Last Spring I found myself at the Meadowlands just outside of New York City watching the curtain go up on Muse’s amazing rock show and contemplating (musing over?) the path that had led me there.
The concert-buddy standing next to me was a friend I would never have met were it not for the internet making the world a smaller place and drawing together people of similar interests. To say nothing of the people in my life who care for me enough to encourage me to try new things and meet new people. Having joined the online fan club of a somewhat obscure European band I’d become hopelessly addicted to, I quickly discovered that they had a number of pretty awesome people who were fellow fans like myself. Some of them were local to where I lived.
So last year I went from being one of those people who would never dream of meeting up with folks they’d met online to someone who was intensely grateful for having done so. This is something I would still in general advise people to do with extreme caution, but under the right circumstances it can open up a world of wonderful new experiences.
Having discovered a shared passion for music and a number of other common interests I hadn’t even been expecting, I suddenly found myself with a fun and enthusiastic concert-going companion once again. Ted’s aversion to crowded spaces makes him a poor choice for concerts and most of my friends (and me too, if I’m being honest) had years ago been dissuaded by the skyrocketing cost of live shows. After all, long gone are the days of seeing Aerosmith, Bon Jovi and Poison at the Spectrum for twenty bucks a show.
I had almost, almost let myself forget how much I adored live concerts: the energy, the interaction of performers and listeners, the magic of sound and light and lyricism coming together to vibrate inside my chest and make my heart beat in a rhythm shared with a whole sea of people brought together only by the unifying fact of being all in love with the same thing. An expensive pastime, but to me – totally magical, and totally worth it.
The night of the Muse show was one of those cool and yet intensely humid spring evenings, simultaneously flattening and frizzing my freshly dyed hair and combining with some lingering winter bronchitis to leave my body unsure of whether to shiver or sweat. In general, it was opting for both. I had a touch of fever that night too, a fact which I hid from everyone to keep them from discouraging me from going to my show. Unable to find a concert t-shirt that fit correctly over both my size 18 shoulders and size 24 hips, I had done my usual and opted for a men’s XXXL. It fit me, as they generally do, like an extremely large, shapeless dress made from t-shirt material that sloughed off my shoulders and left the hemline lingering around mid-thigh. I looked and felt somewhat ridiculous.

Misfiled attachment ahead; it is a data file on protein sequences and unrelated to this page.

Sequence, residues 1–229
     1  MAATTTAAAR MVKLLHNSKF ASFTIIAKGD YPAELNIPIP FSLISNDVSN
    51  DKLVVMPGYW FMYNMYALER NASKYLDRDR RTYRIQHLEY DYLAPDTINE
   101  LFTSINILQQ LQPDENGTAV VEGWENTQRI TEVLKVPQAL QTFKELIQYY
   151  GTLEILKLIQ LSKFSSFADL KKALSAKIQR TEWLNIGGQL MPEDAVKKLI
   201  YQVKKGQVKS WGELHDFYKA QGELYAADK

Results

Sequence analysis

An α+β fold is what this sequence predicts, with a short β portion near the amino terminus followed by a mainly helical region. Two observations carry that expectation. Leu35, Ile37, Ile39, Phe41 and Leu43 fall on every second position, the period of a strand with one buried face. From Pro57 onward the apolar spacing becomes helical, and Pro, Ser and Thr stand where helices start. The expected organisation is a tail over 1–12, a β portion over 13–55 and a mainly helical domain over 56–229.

I was also ridiculously happy.
Muse played every song I knew and loved, which for me is nearly every song they have. A generous helping from their exquisite new album as well as every song that had made me love them in the first place. Despite never being a song I had favored before, the live number I enjoyed and remember the most vividly was Follow Me, because the way the laser display interacted with the music on that particular song wove an incredible effect within the stadium that I found both enthralling and hypnotic. Now, whenever I hear that song, I’m right back there again beside my friend watching the lights play with the music over the heads of thousands of people.
The nice thing about being halfway up the side of the stadium is that it’s the perfect viewpoint to see the full interaction of the light show like an electrified carpet spread out in front of you. The tech that Muse employs in their show is pretty amazing. They have a ziggurat made from high definition projection screens that can fold down to cover the stage area and then lift and invert to hover above the performers.
The crowd was good, but more low key than I expected of being so near New York. We were only four days out from the bombings in Boston so that may have been keeping everyone’s energy level on the low side. For me personally, I couldn’t yell the way I usually do because each time I tried I set off a fairly explosive coughing fit.
Despite being an English band, Muse played us a beautiful rendition of our Star Spangled Banner. I have no idea if it’s a normal part of their concert lineup or was a specific show of support since we, as a country, were still hurting at the time.
Muse is a band that’s big enough to pack a stadium but their fans are chilled enough that the lead singer can wander through the rows down on the floor and say hello to people up close and personal without fear of pandemonium breaking out.
My sole complaint about the performance was the guitar that got stabbed through the front of a bass drum in an uninhibited fit of rock n’ roll enthusiasm. I have such love and respect for the skill that goes into the creation of musical instruments that I can never appreciate seeing them carelessly destroyed regardless of my level of concert high.
I absolutely recommend seeing Muse live if you ever have the opportunity to do so. They are impeccable experts at their craft, masterful artists and highly skilled entertainers. They reminded me once again that a stadium filled with fans, lights, and sound so rich and full that I can feel it within me is one of my favorite, most happy places to be.
Note: The video I linked is footage of the actual show I attended, but it's overlaid with audio from the album version of the song. Unfortunately live audio recorded at concerts always comes out garbled. They did a nice job synching the audio and video though, so it's still pretty mind-blowing.